A dog nicknamed Cheeto because he recently got his head stuck in a plastic container of cheese balls who was rescued this weekend after being deprived of water and food for at least three days is now recovering at a nonprofit rescue in Carleton.
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“This pup’s been out on the run — we don’t know how long — but we know he’s had the jug on his head for three days,” Tom Walsh, who owns the rescue with his wife, said on a Facebook video posted just after the animal was found and brought to the shelter. “He was probably right down to the wire.”
The Walshes are now asking for the public’s help to return the dog to its owner. Cheeto is probably underweight at 60-70 pounds, appears to be young — 18 months to two years old — and seems a little scared. It’s probably a mix of Great Pyrenees and German shepherd.
A good Samaritan trapped and brought the pup — which does not have ID or a microchip — to the rescue, Last Stop Animal Rescue & Sanctuary. It’s a 12-acre farm, halfway between Romulus and Monroe, that Walsh and his wife, Sue, have been running for about eight years.
The rescue is aptly named because it often is the last stop — and hope — for dogs, cats, cows, horses, donkeys, pigs, ducks, and any kind of animal that needs a home. The dogs and cats sometimes get adopted out, but the farm animals live out their days there.
At first, the photos of Cheeto might seem comical, as if he were wearing an astronaut suit.
The Walshes recorded their efforts to free Cheeto from the container and care for it and posted them on Facebook. Their daughter-in-law, Alexa Walsh, 30, of Maybee, emailed the story to the Free Press. She loves dogs, too, and has her own business training them.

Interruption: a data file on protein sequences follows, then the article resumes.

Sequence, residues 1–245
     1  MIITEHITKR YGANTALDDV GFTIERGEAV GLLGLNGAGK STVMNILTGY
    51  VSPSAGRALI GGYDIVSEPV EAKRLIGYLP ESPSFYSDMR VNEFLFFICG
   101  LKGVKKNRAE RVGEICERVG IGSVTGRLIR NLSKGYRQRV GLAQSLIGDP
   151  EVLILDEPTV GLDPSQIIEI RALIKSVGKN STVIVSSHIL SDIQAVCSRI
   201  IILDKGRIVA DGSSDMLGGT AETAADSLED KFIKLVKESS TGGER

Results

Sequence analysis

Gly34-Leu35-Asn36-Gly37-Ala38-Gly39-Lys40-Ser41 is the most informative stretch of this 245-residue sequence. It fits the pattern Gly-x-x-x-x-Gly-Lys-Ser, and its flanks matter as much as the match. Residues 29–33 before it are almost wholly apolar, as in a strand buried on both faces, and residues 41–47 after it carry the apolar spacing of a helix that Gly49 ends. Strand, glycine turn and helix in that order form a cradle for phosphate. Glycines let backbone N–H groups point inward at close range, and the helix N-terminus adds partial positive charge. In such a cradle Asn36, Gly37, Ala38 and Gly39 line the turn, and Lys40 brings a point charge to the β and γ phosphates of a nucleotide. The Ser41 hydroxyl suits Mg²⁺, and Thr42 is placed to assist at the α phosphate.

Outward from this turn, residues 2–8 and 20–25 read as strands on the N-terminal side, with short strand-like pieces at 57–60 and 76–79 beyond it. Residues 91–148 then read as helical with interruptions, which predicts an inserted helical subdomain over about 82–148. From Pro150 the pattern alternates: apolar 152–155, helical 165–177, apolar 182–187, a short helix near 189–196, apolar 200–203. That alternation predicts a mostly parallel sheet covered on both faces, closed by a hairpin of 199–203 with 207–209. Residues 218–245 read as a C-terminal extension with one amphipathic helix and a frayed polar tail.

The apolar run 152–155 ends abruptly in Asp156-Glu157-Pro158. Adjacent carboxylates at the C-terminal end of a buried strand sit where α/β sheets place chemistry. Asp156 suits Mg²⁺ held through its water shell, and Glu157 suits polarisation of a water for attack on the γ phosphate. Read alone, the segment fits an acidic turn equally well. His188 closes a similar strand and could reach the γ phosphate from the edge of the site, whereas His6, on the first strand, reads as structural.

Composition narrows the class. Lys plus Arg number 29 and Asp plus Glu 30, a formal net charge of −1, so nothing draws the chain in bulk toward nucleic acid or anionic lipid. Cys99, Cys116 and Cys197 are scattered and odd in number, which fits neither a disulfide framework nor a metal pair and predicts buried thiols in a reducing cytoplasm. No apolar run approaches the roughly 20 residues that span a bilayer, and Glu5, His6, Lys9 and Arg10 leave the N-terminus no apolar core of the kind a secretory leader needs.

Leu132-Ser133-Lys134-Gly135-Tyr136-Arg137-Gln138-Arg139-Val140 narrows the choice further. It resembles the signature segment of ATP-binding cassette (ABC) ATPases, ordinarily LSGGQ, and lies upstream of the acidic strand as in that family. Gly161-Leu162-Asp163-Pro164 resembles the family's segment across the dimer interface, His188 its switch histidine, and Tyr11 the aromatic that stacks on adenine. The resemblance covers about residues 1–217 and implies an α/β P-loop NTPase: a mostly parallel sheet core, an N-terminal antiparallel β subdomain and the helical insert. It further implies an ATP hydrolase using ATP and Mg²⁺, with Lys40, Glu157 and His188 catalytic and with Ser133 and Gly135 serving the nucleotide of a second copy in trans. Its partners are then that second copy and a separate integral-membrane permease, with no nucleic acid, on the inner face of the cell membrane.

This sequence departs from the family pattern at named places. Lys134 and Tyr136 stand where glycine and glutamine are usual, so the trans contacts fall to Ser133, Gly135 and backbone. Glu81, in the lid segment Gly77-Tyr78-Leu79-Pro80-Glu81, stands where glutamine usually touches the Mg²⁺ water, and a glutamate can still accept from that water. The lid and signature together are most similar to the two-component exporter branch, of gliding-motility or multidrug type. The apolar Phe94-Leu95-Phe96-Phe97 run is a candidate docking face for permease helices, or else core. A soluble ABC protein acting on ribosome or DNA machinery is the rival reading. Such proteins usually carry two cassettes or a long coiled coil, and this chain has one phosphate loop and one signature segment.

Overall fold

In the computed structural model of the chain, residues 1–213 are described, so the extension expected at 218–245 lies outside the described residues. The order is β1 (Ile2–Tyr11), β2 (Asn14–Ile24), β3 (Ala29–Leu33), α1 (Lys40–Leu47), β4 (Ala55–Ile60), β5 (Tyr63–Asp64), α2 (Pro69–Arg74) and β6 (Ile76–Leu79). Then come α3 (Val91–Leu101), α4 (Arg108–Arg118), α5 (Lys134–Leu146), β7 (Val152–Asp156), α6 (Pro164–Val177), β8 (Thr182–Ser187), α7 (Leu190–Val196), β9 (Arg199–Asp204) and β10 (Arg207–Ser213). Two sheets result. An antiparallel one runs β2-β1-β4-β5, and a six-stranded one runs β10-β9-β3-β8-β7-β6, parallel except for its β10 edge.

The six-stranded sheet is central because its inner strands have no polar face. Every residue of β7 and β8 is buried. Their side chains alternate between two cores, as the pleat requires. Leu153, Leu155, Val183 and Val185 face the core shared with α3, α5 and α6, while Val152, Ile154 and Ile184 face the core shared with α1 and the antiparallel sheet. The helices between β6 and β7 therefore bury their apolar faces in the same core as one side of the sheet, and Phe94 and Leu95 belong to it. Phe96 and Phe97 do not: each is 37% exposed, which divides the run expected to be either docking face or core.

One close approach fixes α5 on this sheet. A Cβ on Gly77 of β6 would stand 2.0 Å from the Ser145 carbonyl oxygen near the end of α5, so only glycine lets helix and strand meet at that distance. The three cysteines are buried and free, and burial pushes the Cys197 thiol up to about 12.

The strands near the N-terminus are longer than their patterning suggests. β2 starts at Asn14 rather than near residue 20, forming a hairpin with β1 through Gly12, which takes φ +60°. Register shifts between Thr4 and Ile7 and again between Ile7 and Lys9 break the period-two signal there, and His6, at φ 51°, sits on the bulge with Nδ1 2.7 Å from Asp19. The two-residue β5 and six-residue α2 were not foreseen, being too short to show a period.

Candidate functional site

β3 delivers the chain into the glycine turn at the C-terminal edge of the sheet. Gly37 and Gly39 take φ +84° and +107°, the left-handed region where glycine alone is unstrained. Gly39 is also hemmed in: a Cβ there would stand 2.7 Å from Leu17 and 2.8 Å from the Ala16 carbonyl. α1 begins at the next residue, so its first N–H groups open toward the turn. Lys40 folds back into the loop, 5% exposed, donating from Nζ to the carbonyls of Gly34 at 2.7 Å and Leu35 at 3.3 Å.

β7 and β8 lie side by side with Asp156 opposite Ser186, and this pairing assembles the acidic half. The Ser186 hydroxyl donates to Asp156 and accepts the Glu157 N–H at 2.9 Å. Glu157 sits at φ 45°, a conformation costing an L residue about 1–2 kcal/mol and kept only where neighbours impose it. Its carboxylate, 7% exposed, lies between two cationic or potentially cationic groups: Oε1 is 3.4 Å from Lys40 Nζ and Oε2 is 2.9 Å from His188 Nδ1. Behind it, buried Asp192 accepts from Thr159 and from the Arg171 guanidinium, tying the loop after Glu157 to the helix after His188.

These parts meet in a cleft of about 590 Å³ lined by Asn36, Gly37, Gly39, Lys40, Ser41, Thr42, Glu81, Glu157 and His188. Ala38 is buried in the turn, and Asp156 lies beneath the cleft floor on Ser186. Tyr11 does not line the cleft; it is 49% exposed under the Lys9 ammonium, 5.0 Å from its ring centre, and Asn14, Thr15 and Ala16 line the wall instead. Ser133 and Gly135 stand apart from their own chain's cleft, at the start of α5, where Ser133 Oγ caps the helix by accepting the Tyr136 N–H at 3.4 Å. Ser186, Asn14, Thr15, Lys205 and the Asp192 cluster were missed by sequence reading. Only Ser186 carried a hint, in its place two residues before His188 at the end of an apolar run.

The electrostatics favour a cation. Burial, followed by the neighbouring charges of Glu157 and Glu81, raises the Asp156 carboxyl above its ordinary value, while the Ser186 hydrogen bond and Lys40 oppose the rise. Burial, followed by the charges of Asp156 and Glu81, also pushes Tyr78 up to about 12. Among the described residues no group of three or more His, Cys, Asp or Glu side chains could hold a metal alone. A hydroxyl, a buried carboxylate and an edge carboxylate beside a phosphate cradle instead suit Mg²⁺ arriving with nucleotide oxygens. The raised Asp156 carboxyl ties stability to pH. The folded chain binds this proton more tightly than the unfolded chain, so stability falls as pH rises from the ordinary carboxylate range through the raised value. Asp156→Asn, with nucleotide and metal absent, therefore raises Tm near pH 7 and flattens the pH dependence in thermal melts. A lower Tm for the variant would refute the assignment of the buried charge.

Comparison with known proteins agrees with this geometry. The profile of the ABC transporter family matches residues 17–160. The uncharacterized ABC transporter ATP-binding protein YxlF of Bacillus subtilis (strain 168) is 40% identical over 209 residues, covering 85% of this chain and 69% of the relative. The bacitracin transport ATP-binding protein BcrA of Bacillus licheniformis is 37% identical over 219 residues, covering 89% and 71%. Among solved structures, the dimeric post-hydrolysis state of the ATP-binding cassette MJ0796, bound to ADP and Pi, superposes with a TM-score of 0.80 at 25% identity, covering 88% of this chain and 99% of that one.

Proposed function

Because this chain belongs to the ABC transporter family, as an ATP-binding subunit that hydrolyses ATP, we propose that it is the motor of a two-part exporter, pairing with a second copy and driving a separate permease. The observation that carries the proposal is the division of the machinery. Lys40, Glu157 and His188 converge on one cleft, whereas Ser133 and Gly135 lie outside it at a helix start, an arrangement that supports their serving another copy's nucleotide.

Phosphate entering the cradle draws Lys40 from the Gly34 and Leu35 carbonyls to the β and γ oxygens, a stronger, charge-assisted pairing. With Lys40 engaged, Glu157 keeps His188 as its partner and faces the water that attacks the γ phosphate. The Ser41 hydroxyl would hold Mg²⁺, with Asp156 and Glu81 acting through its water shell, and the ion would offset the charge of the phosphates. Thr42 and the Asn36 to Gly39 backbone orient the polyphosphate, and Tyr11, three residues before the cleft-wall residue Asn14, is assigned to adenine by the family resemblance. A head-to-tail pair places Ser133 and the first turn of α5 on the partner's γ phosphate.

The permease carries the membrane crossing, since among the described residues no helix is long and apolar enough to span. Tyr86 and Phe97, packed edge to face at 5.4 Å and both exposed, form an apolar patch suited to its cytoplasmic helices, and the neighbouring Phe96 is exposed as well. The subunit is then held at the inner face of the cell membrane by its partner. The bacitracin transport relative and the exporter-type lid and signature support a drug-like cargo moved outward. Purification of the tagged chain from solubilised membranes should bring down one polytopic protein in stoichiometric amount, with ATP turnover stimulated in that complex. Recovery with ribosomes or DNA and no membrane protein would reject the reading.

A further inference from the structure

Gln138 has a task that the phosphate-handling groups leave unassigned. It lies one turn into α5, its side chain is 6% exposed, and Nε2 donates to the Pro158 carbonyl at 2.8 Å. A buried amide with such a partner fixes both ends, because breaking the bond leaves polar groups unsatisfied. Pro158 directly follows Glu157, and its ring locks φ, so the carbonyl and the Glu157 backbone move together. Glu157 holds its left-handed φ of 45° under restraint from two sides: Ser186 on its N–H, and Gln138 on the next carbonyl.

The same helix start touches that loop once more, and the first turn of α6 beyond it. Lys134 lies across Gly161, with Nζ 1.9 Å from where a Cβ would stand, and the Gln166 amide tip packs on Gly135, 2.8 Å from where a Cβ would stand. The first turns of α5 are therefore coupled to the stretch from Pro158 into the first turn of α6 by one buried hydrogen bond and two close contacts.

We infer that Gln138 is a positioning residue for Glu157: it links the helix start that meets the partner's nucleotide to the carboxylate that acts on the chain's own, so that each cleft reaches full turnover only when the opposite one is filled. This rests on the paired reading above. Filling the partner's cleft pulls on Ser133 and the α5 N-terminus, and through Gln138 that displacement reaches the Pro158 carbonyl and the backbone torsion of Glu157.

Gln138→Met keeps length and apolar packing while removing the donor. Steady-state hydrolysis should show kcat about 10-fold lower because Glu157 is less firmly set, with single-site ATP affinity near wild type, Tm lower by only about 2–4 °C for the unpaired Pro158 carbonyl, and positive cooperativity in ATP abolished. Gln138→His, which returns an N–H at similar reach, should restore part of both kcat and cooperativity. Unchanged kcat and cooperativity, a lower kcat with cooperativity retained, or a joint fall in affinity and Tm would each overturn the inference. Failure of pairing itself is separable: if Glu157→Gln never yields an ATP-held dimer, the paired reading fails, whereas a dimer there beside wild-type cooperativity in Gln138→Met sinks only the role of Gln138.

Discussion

Tom, 67, and Sue, 62, are retired — semiretired if you ask their 35-year-old son Kyle who took over their trucking business — and seem to be enjoying spending their time caring for the 75 or so animals that have ended up on their farm.
“If you see the animals, it just breaks your heart,” Tom Walsh told the Free Press on Monday. “We both grew up in the country around animals, and it just comes naturally that you want to see them treated right. It’s not like we don’t have stuff in our life.”
But, he added, they have a passion for animals.
They’re holding a fundraiser for the rescue at Sneaky’s Sports Bar & Grill from 5-9 p.m., Oct. 24, at 23301 Allen Road, in Woodhaven. Proceeds will go to the rescue to cover animal food, shots, and vet bills. They also sell fundraising T-shirts.
They get about $20,000 a year in donations, but food costs have gone up.
Sunday, the Walshes gingerly clipped the plastic jug off the dog’s head, and Cheeto headed for water and food. Another voice on the video points out that, as soon as the container is snipped off, the dog can smell — and breathe — again.
“He seems to be OK, now,” Tom Walsh said later. “You can see his ribs, but he’s a great pup.”
Since the dog didn’t have a name, the Walshes picked one. Cheeto seemed to fit his personality more than the first name they gave him, Jughead. Cheeto is livelier — like the pup — and fun, whereas Jughead, seemed to imply that the dog was slow.
It turns out, Alexa Walsh said Monday, that Cheeto knows some commands: Sit, shake. Cheeto seems to be in good spirits, although it’s clear he faced quite an ordeal. The fur was stripped off his back. He’s malnourished, has fleas, probably has worms, and may have some carbon monoxide poisoning.
The Walshes are having Cheeto checked out by a vet, and they’d love it if they could find his family, but if not, or if, for some reason, someone intended to send him “to the farm,” they said Cheeto is welcome to live his days with them on their farm.
Contact Frank Witsil: 313-222-5022 or [email protected].